Normandie – Dark & Beautiful Secrets

Sweden’s Normandie has a new album out in a matter of days: Dark & Beautiful Secrets. It’s the third full-length from the Stockholm trio, made up of frontman Phillip Strand, guitarist Håkan Almbladh and drummer Anton Franzon.

Strand, who penned the Irish 2021 Eurovision entry, has dug deeper than ever before and poured his heart out. Using his personal experiences and self-analysis to produce something that resonates with its listeners. Normandie fans will be pleased to be let into his world and hear what could be the most honest and rawest of Normandie’s music yet.

The album opens with a bang in the way of ‘Babylon’, a song about how the need to dig deeper into yourself can make you lose track of reality. It’s catchy from the get-go, and you will probably find yourself nodding along at the least, if not singing along on a second or third listen. The lyric “Down we go the rabbit hole / On to the other side” could not be any more appropriate. You are about to be sucked down a rabbit hole into a world of wonder, awe, and, quite frankly, Dark & Beautiful Secrets indeed.

Next up is ‘Hostage’, another catchy one. When Strand was 22, he suffered from severe anxiety and de-personalization. “I couldn’t recognize myself in the mirror, and it felt like nobody could see or hear me. It was like I didn’t exist,” he said. The beginning of ‘Hostage’ is disorientating quite deliberately so as if to mimic what it’s like to be inside of a panic attack. The song is written from that perspective, which is apparent both musically and lyrically. “I shut my eyes / I shut my mind / And hope it passes me by,” he tells us before he almost screams the pre-chorus.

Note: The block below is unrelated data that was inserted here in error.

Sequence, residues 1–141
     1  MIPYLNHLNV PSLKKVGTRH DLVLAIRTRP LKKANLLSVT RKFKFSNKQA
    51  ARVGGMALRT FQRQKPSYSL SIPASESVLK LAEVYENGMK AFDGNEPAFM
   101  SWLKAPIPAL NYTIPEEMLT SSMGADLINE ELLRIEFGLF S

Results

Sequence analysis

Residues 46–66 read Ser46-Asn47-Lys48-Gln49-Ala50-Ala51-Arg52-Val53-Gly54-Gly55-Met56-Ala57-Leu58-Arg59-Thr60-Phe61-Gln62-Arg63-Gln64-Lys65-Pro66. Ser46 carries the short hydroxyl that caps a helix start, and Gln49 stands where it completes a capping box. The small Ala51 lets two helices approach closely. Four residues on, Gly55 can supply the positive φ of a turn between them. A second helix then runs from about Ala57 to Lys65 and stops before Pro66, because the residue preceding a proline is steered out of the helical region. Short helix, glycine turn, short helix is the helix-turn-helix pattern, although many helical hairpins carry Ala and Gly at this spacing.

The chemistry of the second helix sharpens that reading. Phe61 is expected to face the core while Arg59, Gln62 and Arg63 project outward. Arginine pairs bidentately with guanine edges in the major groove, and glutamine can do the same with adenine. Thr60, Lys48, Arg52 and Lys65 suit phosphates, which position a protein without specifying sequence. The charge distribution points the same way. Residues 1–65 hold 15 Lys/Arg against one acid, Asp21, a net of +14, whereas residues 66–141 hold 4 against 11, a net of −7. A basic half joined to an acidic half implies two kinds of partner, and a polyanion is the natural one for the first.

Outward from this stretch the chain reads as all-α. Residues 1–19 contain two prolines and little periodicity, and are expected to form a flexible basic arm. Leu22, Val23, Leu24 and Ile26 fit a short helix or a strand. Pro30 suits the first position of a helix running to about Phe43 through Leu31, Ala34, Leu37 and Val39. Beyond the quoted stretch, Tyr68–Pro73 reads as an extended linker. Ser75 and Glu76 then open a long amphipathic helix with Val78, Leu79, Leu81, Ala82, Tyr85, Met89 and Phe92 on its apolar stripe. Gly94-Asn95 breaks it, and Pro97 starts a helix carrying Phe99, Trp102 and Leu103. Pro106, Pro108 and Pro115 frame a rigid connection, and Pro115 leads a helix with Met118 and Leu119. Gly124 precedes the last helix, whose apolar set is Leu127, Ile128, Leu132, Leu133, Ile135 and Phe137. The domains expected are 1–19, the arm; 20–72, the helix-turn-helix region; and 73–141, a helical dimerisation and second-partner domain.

After listening to these first tracks, I can see why some people might describe their sound as a mix of Nothing But Thieves meets the poppier edge of Bring Me The Horizon. Their music brings a cathartic release much like many other bands, but they’ve taken their skill and weaved something beyond parallel. In other words, it’s hard to compare them to anyone. Stand-out songs include the slightly heavier ‘Thrown In The Gutter’, an absolute jam. This is one song that would be perfect live for those of us that still mosh. 

‘Atmosphere’ is the closest thing you’ll get to a ballad on this album, which is a little disturbing when you realize it’s actually about Strand’s fractious relationship with the internet. You could be forgiven for thinking this one is about his relationship with a person as he sings, “But I need somebody / Honestly, I don’t know who I’d be without it / Misery loves company / And I’m surrounded / Honestly, I’m tired of feeling numb.” It may not be the ballad we asked for, but perhaps in this day and age, it’s the one we need, who knows. Nevertheless, the band have created a beautiful soundscape, especially when the vocals echo “That I can’t be / That I can’t be / That I can’t be alone,” as the track begins to draw to a close. You can feel the atmosphere in this aptly named song. 

If you are looking for a track about relationships with actual people, then ‘Chemicals’ is the one. Penned as a song that encapsulates love and lust, it explores what happens when you confuse the two. The most common and perhaps pivotal theme running throughout this album is Strand’s relationship with the church he grew up in. It’s mainly focused on his decision as a teenager to turn his back on it. ‘Renegade’, ‘Bury Me Alive’ and the blasphemously brilliant ‘Holy Water’ are all testament to this life-changing experience. Subsequently, in ‘Mission Control’, Strand explores who he was as a child and how much his life and values have changed in adulthood.

This album is far from the traditions of pop music and Eurovision entries, so don’t let Strand’s tendency to write for pop artists fool you. Brave, bold, and courageous, it is, in reality, the first time fans can hear the band be their authentic selves with exceptional lyrical insight backed up by music produced with pinpoint precision. This is a record you should own because you are going to want to play it a lot more than once or twice. We certainly do.


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